“The market is moving to licensing entities as a specific response to holdout,” Friedman said. He was referring to large firms—particularly in the high-tech industry—who allegedly refuse licenses when the worst that can happen is that courts later award, at best, compensatory damages for what they would have paid in the license. Ludlow cited Joe Nocera's “The Patent Troll Smokescreen” in the New York Times on Oct. 23 as a guidepost for that kind of behavior.
Friedman predicted “worldwide assertion programs in multiple jurisdictions simultaneously” against holdouts, with Kennedy noting that “even a large [operating] company can only handle so many litigations.”
Spangenberg predicted changes within operating companies that have large patent portfolios as well, with “more financial engineering coming to this asset class.”
He also foresaw some software firms having to “take a massive write-down because of Alice.” Software companies have been writing off the value of their intellectual property assets over 10-15 years, he said, and now they're going to have to admit they have no value for the rest of the period.
When Ludlow asked whether “the CFO and finance guys should take over management of IP assets,” Spangenberg criticized inhouse legal departments for failing to manage IP assets to maximize value.
“I agree, even though the audience is mostly lawyers,” Kennedy said.
“It's almost a no-brainer that [IP] should be moved to the CFO's office,” Friedman said.
Spangenberg gave the lawyers in the audience some solace, saying, “Lawyers shouldn't feel threatened by it; they should embrace it.”
Friedman agreed, citing “an enormous gap” between what Wall Street understands about the value of IP and what IP lawyers know about exploiting it. “Lawyers can play a big role in education,” he said.
The discussion did not address details of any bills pending in Congress targeting the patent assertion entities—derisively called patent trolls—that the panelists were referencing. But if their predictions come true, both sides of the legislative debate will have to deal with the results.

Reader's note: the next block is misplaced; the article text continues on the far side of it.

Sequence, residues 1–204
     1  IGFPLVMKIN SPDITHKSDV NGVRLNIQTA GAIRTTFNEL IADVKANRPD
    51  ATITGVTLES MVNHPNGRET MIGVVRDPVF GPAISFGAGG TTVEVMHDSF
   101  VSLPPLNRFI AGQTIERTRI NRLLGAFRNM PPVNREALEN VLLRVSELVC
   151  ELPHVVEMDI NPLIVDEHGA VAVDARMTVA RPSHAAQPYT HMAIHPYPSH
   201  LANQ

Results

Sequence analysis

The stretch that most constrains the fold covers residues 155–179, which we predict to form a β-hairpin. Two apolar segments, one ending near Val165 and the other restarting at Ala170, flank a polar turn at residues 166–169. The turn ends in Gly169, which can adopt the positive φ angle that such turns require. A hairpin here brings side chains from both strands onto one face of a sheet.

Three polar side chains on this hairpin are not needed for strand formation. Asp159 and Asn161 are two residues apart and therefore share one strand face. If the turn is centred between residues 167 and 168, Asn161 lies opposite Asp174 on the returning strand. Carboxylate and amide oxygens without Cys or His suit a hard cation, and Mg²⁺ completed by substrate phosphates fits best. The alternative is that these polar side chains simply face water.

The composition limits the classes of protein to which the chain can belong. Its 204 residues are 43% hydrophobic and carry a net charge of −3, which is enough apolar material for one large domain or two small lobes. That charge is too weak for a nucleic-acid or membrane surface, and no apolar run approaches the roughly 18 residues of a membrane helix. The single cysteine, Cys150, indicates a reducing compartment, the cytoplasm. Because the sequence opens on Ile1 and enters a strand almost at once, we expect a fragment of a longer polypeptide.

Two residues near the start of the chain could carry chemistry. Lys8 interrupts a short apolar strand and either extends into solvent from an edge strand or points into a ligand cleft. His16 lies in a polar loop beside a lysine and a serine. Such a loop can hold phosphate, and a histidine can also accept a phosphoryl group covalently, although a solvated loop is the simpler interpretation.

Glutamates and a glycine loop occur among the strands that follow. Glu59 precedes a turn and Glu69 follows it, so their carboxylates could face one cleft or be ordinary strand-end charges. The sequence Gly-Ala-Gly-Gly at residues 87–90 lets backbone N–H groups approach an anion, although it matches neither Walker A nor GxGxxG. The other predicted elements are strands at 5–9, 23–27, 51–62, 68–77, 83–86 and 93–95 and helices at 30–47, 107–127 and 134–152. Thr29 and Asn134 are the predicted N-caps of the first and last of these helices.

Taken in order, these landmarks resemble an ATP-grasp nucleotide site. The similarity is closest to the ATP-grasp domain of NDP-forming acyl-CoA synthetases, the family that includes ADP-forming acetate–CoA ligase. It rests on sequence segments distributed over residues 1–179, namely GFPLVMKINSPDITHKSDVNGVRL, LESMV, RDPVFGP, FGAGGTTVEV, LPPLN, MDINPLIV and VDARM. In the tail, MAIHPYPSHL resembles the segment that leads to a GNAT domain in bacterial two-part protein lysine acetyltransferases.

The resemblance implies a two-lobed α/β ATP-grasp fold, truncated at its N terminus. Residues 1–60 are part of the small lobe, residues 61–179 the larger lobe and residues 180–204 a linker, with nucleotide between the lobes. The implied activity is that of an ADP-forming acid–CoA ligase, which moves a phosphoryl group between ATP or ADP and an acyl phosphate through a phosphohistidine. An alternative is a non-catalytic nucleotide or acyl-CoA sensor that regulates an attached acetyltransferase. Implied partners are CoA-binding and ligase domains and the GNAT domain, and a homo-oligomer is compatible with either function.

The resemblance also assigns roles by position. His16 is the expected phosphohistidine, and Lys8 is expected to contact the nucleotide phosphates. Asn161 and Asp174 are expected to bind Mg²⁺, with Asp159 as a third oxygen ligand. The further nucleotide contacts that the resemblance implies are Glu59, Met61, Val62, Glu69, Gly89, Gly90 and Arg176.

Those who favor legislation are, generally, driven by high-tech industry claims of extortion by the trolls—claims that could be belied if entities make a legal case that a high-tech firm is holding out against licensing high-quality patents. Those against legislation have built up a narrative that patent assertion entities frequently represent individual inventors and small startups that can't otherwise succeed against hold-out firms. That argument promises to have less force if the entities abandon smaller patent holders in favor of “Goliath”-like portfolios.
Former U.S. Patent and Trademark Office Director Q. Todd Dickinson, in the audience, asked the panel why the assertion entities don't have a trade association in Washington?
“The large tech companies have done a great job of labelling and getting labels to stick,” Kennedy said. “I don't know that lobbying at this point could help that much.”
To contact the reporter on this story: Tony Dutra in Washington at email@example.com
To contact the editor responsible for this story: Mike Wilczek in Washington at mailto:firstname.lastname@example.org